North Carolina County Puts Land Management Into Centralized Network

New land management software in Catawba County, N.C., integrates centralized network, GIS platforms to streamline planning and permitting process.

by / April 15, 2010

The old permitting system in Catawba County, N.C., had been the foundation of the local land management process for a decade before county officials decided to scrap it and get a new one.

That decision came two years ago after the vendor chose to eliminate future support of the product the county used. Without the necessary software updates beyond Windows XP, officials knew it wouldn't be long before the entire system fell far behind.

"The system was not performing the way we wanted it to because it was old software," said Terry Bledsoe, Catawba County's CIO. "There was no upgrade path to get the new features we wanted, so we had to replace it."

In October 2009, Catawba County went live with a revamped system using EnerGov.Net, an enterprise land management suite by Atlanta-based EnerGov Solutions. The system overhaul in many ways was overdue. Previously, while county officials did have the ability to dispatch inspectors and handle field work, the aging system had limited mapping software and no digital storage capabilities. Building plans had to be transported in paper form, which took time and slowed productivity. Even the smallest building requests required a lot of extra legwork to push the process along.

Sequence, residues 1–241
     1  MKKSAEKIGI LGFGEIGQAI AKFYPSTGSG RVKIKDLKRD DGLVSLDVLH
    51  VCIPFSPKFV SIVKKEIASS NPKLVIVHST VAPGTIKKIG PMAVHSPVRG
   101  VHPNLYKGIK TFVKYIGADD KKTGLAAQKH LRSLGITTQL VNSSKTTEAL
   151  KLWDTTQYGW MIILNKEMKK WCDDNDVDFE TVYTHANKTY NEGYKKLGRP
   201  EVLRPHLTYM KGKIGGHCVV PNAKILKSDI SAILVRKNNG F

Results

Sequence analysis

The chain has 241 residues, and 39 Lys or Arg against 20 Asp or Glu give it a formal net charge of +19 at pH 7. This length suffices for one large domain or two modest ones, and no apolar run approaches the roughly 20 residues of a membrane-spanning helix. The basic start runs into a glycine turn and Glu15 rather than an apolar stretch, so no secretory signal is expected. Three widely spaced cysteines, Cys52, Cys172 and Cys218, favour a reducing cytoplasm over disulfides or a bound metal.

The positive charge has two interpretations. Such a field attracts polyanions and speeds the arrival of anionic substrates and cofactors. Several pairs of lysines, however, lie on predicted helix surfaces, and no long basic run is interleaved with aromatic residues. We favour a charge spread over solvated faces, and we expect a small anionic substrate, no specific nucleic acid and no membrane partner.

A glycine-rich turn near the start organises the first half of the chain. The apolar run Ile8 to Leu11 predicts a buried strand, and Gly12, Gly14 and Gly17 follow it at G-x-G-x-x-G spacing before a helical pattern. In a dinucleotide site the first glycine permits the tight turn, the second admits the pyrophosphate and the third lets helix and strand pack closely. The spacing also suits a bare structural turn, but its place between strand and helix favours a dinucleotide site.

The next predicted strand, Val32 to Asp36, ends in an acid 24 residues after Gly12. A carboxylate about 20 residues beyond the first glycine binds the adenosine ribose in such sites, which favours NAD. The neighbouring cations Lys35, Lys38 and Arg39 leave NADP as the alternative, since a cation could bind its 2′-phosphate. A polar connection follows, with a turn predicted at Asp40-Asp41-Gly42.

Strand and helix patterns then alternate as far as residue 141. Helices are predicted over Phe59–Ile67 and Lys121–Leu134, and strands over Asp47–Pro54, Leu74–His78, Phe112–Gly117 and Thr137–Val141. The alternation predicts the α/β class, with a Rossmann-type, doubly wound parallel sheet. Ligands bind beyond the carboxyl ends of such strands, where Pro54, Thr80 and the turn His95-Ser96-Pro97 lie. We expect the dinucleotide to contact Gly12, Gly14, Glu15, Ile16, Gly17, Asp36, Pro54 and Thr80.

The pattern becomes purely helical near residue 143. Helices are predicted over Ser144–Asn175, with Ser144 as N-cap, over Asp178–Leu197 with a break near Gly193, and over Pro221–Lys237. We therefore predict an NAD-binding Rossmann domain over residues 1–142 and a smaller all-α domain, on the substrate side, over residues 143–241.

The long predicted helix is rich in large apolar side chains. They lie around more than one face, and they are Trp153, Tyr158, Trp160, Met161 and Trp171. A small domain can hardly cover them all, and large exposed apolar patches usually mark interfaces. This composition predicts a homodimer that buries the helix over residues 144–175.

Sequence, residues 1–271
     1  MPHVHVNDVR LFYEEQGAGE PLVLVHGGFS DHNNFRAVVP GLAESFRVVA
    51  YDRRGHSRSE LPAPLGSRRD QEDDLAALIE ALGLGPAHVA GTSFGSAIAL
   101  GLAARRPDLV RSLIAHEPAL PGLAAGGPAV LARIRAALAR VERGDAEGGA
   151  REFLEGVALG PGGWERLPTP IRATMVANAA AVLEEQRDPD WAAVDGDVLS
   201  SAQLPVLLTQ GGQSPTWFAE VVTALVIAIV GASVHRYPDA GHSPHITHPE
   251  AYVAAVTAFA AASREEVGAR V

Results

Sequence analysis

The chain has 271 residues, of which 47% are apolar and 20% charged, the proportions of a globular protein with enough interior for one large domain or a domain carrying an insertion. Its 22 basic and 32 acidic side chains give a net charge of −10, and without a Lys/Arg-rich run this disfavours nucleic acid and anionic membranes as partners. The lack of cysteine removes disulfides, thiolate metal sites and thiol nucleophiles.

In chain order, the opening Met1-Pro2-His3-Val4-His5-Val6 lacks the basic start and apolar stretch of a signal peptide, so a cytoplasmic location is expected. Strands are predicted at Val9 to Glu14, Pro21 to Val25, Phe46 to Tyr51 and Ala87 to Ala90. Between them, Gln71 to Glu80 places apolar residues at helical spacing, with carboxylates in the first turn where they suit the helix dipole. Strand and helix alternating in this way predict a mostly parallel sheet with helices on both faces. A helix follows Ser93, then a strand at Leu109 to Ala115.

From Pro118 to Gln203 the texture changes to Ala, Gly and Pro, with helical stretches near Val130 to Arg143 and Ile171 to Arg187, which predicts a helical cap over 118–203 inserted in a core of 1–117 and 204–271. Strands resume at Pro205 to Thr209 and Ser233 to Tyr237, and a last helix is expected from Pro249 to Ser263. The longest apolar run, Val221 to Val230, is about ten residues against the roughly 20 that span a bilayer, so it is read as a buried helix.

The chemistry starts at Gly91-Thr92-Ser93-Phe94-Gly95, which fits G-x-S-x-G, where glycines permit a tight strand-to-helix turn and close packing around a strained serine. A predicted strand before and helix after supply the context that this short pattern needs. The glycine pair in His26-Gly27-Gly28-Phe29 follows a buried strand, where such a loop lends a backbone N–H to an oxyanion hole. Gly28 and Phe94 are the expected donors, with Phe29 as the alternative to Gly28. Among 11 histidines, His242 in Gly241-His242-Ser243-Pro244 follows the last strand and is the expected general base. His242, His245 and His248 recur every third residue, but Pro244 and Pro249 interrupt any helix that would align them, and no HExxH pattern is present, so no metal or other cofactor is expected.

"It really amazed me how many steps there are in even the simplest permit," Bledsoe said. "You want to build a small house out here -- nothing special, just a house -- but there are all kinds of steps. You can't just walk in, get a permit and walk out."

The county's new system streamlines the permitting process by connecting all land management departments to a centralized network. Supported by $600,000 in local project funds, the system integrates electronic plans review and geographic information system (GIS) platforms. The previous system had GIS maps, but they were static, limited and new information had to be put in manually. This new GIS system is live. Anything that's entered into the GIS is automatically available within permitting services, and vice versa. Users can access live maps and see the placement of any other buildings on the targeted lot, and data can move electronically from city to city.